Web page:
A 125-year-old mystery may have finally been solved according to one self-described “arm-chair sleuth”. How many times have you read this headline over the last few days?
While we haven’t been able to preview the forthcoming book by Russell Edwards, “Naming Jack The Ripper” (which appears in print today in the UK), here at Mysterious Universe, we remain skeptical until more definitive proof of these new claims is forthcoming (and in the meantime, take a look at my fellow blogger Tom Head’s recent article, “5 Reasons Aaron Kosminski Might Not Have Been Jack the Ripper“).
Yet even before the appearance of London’s most blood-curdling murders, Stateside there had been a series of events that were remarkably similar, and which like the Ripper murders, went unsolved. Though the murderer never gave himself a name as Jack had apparently done, famous fiction writer O. Henry once made passing reference to the killings in a correspondence, and the name he inspired in reference to the crime, that of a “Servant Girl Annihilator,” appeared to stick.
The story unfolded in the spring of 1885, nearly three years prior to Jack the Ripper’s frightening London debut, in the city of Austin, Texas. Clara Strand and Christine Martenson were two servant women who were first reported injured on the evening of March 19, 1885, although an earlier casualty –the earliest known that is still believed to be linked directly with the same series of crimes– was that of Mollie Smith, a twenty-five-year old servant girl who was found murdered on Christmas night, 1884. The second actual murder in the string of attacks wouldn’t take place until the night of May 6th, 1885, when a young woman named Eliza Shelly was found dead. Subsequent attacks followed later that month on the 22nd, resulting in a knife attack that killed a woman named Irene Cross.
The killer seemed to lay dormant for a period after Cross’s death, before emerging on the scene again in August of that year. A woman named Clara Dick might have been his presumed target, but she managed survive, though she was badly injured during the nighttime assault of her mysterious attacker who, in nearly every instance, had been focused on the “annihilation” of servant girls while sleeping in their beds. Within days, a child named Mary Ramey was killed in an attack that reportedly occurred in her family home; her mother, Rebecca (and presumably the target of this particular attack) was also injured, but ultimately survived the gruesome attack.
The next victim, Gracie Vance, was killed on September 28th, during an attack where her companion (at that moment), Orange Washington, was also killed. While other injuries were reported in conjunction with the attack that led to the death of Gracie Vance, the final two murders would occur on Christmas Eve, marking one day shy of the anniversary of Mollie Smith’s murder, with the deaths of Susan Hancock and Eula Phillips, whose husband was also injured during the nighttime attack.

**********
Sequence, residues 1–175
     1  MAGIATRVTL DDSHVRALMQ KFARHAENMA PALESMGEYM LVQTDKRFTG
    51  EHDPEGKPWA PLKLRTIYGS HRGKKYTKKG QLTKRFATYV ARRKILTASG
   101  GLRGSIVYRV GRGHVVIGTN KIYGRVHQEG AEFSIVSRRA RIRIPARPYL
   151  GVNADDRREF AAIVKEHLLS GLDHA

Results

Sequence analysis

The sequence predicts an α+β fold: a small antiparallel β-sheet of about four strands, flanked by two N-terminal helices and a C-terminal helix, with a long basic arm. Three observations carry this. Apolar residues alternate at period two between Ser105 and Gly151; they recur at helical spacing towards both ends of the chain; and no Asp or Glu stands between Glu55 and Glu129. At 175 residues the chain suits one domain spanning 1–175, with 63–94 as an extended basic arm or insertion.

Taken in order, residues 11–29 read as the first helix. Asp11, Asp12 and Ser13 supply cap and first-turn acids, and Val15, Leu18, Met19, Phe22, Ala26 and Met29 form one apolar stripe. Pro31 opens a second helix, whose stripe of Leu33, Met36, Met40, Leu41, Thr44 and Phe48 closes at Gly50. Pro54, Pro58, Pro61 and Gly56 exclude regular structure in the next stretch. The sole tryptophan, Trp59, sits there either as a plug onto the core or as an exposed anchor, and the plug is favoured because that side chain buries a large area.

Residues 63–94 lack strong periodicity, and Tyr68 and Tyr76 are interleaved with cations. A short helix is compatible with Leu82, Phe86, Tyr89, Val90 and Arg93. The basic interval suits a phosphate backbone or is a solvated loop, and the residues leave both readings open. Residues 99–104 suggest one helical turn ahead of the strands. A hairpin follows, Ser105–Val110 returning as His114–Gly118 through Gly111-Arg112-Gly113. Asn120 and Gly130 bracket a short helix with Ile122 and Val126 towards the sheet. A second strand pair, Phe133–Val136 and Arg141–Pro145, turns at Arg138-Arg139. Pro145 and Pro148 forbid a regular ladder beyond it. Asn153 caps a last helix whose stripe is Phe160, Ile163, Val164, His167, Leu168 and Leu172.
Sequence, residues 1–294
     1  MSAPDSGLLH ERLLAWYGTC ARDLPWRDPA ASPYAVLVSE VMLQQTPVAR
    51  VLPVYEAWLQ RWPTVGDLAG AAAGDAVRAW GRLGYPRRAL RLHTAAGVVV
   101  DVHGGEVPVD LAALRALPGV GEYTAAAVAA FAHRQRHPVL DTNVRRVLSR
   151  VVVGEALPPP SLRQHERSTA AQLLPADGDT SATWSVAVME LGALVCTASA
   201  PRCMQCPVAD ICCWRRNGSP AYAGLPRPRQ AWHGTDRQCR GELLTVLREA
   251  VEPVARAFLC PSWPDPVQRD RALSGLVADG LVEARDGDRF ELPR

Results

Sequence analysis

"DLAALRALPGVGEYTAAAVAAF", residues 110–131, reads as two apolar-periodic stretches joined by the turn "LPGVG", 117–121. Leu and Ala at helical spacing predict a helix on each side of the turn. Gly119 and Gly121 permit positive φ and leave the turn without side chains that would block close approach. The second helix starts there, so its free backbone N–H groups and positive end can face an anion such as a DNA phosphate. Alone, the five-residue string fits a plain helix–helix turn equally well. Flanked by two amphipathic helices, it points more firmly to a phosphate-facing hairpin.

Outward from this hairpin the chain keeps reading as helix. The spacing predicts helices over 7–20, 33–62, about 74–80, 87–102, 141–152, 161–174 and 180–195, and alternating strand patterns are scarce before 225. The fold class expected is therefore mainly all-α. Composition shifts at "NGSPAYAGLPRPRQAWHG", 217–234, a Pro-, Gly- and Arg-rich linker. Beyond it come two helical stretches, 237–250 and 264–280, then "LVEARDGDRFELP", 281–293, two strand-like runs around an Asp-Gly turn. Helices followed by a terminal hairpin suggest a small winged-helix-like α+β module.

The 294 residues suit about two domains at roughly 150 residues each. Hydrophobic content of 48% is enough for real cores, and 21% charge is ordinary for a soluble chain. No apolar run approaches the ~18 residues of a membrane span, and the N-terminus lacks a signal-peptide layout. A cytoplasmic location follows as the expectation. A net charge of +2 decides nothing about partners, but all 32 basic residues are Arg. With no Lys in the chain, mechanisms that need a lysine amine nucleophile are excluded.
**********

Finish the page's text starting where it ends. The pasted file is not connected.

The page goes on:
There appeared to be no prejudices between race of the victims, though the killer obviously had targeted women, with male victims occasionally caught in the proverbial crossfire of the attacks. Several of the women were killed in their homes, while others, presumably still alive after the initial stabbings, were dragged outside their homes and mutilated, which often included having some sharp object inserted into their ears.
There were a number of suspects that were considered, as it was believed that the Monster of Austin had been a man of equal care and cunning. But most curious of all, an item that would later appear in the Kansas-based Atchison Daily Globe three years later — coinciding with the eventual murders attributed to London’s Jack the Ripper — drew parallels not only between the killings, but a presumed suspect as well; one of these, an individual described as “a Malay cook” that was purportedly sailing from country to country, had been named as a suspect in both the Austin and London cases:
…[A] Malay cook calling himself Maurice had been employed at the [Pearl House] in 1885… left some time in January 1886. It will be remembered that the last of the series of Austin women murders was the killing of Mrs. Hancock and Mrs. Eula Phillips, the former occurring on Christmas eve 1885, just before the Malay departed, and that the series then ended. A strong presumption that the Malay was the murderer of the Austin women was created by the fact that all of them except two or three resided in the immediate neighborhood of the Pearl House.
Granted, the connection between the two sets of murders is somewhat tenuous, let alone the idea that the killers were indeed one and of the same. A more plausible scenario for the actual culprit in the Austin “annihilations” may have been revealed earlier this year on a program called History Detectives, which submitted that a 19-year-old African American chef named Nathan Elgin was the most likely suspect, having been caught and shot in the act of attacking a woman with a knife in the early months of 1886.
The looming problem with such cases is that when the suspects have been killed, it becomes increasingly difficult to confirm their involvement in such mass-murder sprees. Truth be known, we may never know who Austin’s “Servant Girl Annihilator” really was, or whether there may have been any legitimate connections between the killings that occurred there, and the man who arguably became one of the most famous serial killers ever to darken the murky streets of the Victorian London night.